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In C#, C++ and Java, when you create a constructor taking parameters, the default parameterless one goes away. I have always just accepted this fact, but now I've started wondering why.

What is the reason for this behavior? Is it just a "safety measure/guess" saying "If you've created a constructor of your own, you probably don't want this implicit one hanging around"? Or does it have a technical reason that makes it impossible for the compiler to add one once you have created a constructor yourself?

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There's no reason that the compiler couldn't add the constructor if you've added your own - the compiler could do pretty much whatever it wants! However, you have to look at what makes most sense:

  • If I haven't defined any constructor for a non-static class, I most likely want to be able to instantiate that class. In order to allow that, the compiler must add a parameterless constructor, which will have no effect but to allow instantiation. This means that I don't have to include an empty constructor in my code just to make it work.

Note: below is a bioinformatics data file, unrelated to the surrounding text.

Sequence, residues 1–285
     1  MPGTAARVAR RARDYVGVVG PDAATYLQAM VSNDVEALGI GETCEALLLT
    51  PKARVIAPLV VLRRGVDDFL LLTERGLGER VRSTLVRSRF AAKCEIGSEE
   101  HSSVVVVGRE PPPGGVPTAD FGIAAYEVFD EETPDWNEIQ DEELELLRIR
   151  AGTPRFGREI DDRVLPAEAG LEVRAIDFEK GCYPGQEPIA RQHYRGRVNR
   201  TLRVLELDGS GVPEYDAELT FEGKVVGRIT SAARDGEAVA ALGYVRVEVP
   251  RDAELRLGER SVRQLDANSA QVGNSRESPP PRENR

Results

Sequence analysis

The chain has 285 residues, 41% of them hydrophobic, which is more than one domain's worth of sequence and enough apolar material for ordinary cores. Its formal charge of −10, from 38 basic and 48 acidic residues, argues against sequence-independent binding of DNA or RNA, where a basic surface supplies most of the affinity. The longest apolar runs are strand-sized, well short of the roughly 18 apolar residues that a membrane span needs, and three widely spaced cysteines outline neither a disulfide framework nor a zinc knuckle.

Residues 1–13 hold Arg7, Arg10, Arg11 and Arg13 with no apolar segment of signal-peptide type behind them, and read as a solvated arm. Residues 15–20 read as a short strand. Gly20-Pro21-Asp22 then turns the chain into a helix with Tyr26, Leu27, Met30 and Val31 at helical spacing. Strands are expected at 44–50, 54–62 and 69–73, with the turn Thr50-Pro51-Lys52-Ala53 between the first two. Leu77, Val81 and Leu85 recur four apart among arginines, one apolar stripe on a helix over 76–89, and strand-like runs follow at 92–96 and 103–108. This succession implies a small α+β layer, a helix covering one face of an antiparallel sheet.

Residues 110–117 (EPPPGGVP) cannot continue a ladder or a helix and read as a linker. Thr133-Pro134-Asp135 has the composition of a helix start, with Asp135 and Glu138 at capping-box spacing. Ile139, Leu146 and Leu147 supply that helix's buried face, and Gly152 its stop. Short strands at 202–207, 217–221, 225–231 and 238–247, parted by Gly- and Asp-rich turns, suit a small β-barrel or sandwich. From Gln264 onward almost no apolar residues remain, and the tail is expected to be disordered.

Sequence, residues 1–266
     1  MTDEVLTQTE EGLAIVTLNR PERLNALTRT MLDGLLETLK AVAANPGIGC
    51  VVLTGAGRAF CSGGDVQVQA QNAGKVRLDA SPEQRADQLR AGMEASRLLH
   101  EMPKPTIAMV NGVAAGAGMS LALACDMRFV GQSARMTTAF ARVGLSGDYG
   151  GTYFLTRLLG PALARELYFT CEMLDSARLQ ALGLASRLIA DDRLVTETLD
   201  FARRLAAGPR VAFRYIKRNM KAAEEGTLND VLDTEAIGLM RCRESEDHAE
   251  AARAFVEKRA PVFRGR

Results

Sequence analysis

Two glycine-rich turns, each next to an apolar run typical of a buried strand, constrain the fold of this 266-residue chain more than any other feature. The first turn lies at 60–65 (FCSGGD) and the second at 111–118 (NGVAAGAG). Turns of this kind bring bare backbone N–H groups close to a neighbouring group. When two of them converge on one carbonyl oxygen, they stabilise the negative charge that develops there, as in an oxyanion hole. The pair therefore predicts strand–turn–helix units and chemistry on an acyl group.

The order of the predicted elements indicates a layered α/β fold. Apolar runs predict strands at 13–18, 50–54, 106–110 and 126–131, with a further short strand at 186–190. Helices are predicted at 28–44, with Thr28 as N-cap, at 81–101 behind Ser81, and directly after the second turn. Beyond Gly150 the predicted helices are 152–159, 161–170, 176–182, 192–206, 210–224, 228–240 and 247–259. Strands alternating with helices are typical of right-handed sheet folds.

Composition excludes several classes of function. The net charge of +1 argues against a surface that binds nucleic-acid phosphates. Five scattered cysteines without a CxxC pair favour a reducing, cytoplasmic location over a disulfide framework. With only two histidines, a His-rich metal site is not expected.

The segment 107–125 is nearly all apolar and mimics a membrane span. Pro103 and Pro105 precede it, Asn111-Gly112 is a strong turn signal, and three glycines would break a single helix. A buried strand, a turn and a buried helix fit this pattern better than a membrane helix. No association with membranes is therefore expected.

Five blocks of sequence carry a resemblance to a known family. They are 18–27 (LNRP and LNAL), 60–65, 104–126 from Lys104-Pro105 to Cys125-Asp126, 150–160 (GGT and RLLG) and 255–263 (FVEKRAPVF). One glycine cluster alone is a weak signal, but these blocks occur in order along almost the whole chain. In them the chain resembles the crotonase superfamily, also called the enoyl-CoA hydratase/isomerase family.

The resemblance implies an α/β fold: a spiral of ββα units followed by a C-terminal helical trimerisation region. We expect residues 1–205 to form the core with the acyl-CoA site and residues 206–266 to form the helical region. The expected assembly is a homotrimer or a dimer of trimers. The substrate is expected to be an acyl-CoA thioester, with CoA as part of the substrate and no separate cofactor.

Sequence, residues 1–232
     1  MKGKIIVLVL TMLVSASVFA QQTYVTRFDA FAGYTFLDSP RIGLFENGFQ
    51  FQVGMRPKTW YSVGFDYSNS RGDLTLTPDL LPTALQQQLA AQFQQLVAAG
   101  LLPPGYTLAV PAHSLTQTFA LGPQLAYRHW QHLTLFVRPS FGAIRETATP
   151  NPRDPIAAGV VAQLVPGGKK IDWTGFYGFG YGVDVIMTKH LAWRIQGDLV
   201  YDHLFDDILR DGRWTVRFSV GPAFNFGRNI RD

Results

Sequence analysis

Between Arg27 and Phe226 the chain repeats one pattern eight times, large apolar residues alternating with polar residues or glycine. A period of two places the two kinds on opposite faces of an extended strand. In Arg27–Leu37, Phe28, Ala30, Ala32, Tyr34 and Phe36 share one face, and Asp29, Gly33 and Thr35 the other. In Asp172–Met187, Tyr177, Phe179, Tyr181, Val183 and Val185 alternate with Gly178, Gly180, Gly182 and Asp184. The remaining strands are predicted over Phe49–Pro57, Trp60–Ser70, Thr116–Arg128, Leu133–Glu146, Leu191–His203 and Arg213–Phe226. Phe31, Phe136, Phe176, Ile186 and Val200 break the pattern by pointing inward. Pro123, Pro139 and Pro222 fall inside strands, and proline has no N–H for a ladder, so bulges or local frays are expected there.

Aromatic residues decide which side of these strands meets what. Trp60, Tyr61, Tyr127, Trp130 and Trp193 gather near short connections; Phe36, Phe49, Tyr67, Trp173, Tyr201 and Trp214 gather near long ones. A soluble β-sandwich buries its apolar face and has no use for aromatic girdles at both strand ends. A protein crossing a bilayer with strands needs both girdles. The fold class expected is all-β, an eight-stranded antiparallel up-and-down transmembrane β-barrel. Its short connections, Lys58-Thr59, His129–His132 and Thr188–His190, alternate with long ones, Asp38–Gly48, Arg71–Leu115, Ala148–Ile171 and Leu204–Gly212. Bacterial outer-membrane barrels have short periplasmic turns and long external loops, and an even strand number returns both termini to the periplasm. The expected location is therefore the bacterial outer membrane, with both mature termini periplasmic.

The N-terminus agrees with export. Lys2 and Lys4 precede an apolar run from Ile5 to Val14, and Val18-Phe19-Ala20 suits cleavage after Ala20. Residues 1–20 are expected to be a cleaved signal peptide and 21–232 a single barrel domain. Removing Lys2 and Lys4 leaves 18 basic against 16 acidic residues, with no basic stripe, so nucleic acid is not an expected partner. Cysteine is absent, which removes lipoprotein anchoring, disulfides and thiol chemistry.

• If I've defined a constructor of my own, especially one with parameters, then I most likely have logic of my own that must be executed on creating the class. If the compiler were to create an empty, parameterless constructor in this case, it would allow someone to skip the logic that I had written, which might lead to my code breaking in all number of ways. If I want a default empty constructor in this case, I need to say so explicitly.

So, in each case, you can see that the behaviour of current compilers makes the most sense in terms of preserving the likely intent of the code.

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